While cloud computing is an attractive alternative for organisations seeking to reduce their IT overhead, it’s not without its challenges. When moving applications and data into the cloud, some executives fear they will be giving up control and possibly compromising security.

To address these concerns, it is critical that IT management establish firm control and oversight over cloud initiatives. Cloud governance, which is a logical evolution of SOA governance strategies, offers a means to assert control over both internal and external applications and data. It also provides a unified, application-centric view of IT throughout the data centre and into the cloud.

Traditionally, managing applications as they transition between environments, such as during the migration from development to test and then production, has been challenging. The issue is usually not the code, but the application’s dependencies on other systems.

Directories, firewalls, Identity and Access Management (IAM), audit sinks, additional service providers—each of these may play an important role in the operation of a modern distributed system and can be challenging to coordinate when an application is promoted through its natural lifecycle.

This dependency problem is exacerbated when moving applications between the organisation and the cloud. The need to support elasticity, the potential benefits from brokering between different providers and the fundamental differences in how identity is validated all conspire in the cloud to make simple, scripted migration solutions impractical.

Modern applications rarely operate alone. Rather, they are assemblies of new code and existing services all shaped by the attributes of their environment. Multiple factors such as hardware architecture, libraries and operating systems all contribute dependencies to an application, adding complexity to any migration.

To help manage dependencies organisations have parameterised connection descriptions and then consolidated all of these as properties in a file or central registry. Those scripts were then used to drive migration. Since the scripts are usually hand coded for each application, it’s a time consuming process that is difficult to maintain over time.

When organisations began embracing Service-Oriented Architecture (SOA), they realised that many dependencies could be isolated from an application using externalised Policy Enforcement Points (PEPs). The PEPs take on the role of security gateway and by extension assume responsibility for external service dependencies.

In some ways, this is simply moving the dependency from one entity to another. However, PEPs are designed to effectively parameterise these dependencies as elements associated with an application.

This strategy of delegating security and management to an external PEP has proven its value in on-premise SOA. However, an on-premise SOA environment is more conducive to strong, centralised control, maintained by a staff organised into dedicated silos of responsibilities.

In this setting, PEPs are extremely effective at isolating security and management dependencies from applications and promoting a simple migration strategy for software within an enterprise.

New frontier: the cloud presents new challenges

The cloud presents new challenges due to its elastic nature and openness. Infrastructure that was readily available on-premise may not be accessible to cloud-resident applications. Elasticity can also be difficult to manage when traditional applications depend on external services to function.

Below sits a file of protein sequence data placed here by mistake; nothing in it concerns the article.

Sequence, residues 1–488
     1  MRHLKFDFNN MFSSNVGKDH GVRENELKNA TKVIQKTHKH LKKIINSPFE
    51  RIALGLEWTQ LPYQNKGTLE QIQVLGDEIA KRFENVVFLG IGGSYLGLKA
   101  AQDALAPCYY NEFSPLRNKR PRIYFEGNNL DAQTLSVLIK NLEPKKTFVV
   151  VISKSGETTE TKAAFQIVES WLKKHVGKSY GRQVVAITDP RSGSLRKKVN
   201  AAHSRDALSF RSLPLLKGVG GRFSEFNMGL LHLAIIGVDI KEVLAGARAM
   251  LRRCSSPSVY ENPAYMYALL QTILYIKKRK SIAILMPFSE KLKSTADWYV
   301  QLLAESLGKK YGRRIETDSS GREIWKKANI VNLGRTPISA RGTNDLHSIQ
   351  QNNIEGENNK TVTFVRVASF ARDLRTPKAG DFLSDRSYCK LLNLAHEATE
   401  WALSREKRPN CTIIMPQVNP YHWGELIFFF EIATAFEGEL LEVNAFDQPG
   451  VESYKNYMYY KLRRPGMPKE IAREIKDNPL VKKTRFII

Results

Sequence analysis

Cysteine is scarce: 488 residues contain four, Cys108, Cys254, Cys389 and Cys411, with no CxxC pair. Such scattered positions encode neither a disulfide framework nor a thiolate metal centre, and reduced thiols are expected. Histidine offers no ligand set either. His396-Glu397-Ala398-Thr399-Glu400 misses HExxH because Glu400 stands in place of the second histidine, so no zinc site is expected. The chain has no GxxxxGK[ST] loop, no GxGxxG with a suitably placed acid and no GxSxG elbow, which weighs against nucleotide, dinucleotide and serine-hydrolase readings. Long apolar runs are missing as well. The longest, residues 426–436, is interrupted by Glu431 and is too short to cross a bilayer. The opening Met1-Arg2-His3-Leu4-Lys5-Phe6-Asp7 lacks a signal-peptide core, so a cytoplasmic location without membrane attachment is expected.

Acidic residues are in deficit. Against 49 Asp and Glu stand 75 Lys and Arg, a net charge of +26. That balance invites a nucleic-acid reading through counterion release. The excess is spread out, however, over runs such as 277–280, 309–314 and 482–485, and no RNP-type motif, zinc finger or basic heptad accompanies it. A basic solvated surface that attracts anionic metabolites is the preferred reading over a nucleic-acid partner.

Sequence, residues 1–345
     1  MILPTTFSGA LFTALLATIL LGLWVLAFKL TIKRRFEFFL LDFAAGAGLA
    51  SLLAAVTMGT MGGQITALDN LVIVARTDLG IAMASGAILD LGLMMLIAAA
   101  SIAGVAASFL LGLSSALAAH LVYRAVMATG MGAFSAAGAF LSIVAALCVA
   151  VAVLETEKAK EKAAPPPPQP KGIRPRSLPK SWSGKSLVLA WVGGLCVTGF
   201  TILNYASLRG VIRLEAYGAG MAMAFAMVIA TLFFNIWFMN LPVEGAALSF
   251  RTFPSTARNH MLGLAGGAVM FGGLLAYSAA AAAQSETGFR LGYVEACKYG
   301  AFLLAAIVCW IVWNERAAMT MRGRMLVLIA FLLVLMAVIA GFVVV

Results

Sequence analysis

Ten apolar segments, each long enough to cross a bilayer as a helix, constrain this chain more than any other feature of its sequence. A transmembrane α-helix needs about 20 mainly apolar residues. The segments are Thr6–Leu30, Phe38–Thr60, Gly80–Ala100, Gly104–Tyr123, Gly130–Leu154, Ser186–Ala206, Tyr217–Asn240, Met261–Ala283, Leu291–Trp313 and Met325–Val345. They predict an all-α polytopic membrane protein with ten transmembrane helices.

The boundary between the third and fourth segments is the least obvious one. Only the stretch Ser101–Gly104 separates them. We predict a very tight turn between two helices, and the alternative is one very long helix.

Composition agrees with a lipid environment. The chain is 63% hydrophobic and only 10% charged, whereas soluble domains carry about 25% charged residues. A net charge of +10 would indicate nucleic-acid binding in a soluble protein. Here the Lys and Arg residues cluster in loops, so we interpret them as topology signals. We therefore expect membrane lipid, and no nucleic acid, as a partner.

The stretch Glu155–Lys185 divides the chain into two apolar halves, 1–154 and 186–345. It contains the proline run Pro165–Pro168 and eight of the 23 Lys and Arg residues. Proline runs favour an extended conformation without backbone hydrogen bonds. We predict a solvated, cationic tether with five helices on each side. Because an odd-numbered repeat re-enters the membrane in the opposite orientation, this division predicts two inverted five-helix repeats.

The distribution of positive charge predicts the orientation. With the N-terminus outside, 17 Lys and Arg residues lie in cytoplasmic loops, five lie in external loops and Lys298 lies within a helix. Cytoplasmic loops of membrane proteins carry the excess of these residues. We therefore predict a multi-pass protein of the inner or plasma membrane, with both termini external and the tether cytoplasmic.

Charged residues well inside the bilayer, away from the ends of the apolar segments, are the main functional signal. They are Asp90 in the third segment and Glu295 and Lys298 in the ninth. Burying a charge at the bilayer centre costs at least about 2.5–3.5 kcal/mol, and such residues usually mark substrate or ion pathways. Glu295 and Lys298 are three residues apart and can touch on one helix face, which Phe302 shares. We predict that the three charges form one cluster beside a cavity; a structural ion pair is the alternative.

The first step to safely deploying applications to the cloud is policy enforcement. In cloud environments, distributed enforcement is a more difficult and pressing problem than asset management. Management systems for policy enforcement need to be distributable so that there is no single point of failure.

These systems manage mission-critical applications: if a local network becomes segmented or a cloud provider is inaccessible, the management components should be locally available on every enforcement point. Finally, enforcement points must not be tightly bound to central repositories because of latency and reliability issues in the cloud.

Policy enforcement and monitoring are absolutely essential to cloud governance. Policy enforcement technology for clouds can create secure, managed communications between legacy applications in the enterprise and new applications residing in the cloud.

Policy is not just a way of articulating and enforcing security requirements: it is the integration glue between systems. A rich policy language meets the demands of business and IT, offering both high-level contracts like SLAs and billing as well as low-level details like dynamic routing, failover and data transformation.

Deploying virtualised, distributed policy enforcement points in front of cloud applications allows organisations to protect and manage their services. Application-level policy enforcement gives fine-grained access control and in-depth understanding of use patterns of actual services instead of virtual machines.

Not only does this protect data and applications from unauthorised use, it also ensures that the distribution of requests to virtualised application instances is properly managed.

Although the cloud presents challenges, it also presents significant benefits, including reduced costs and increased flexibility. Before embracing cloud computing, it is critical that organisations have policies in place to govern and migrate their applications. Applying technology we’ve learned from SOA – such as bundling applications and dependencies – is the first step to making the move to the cloud.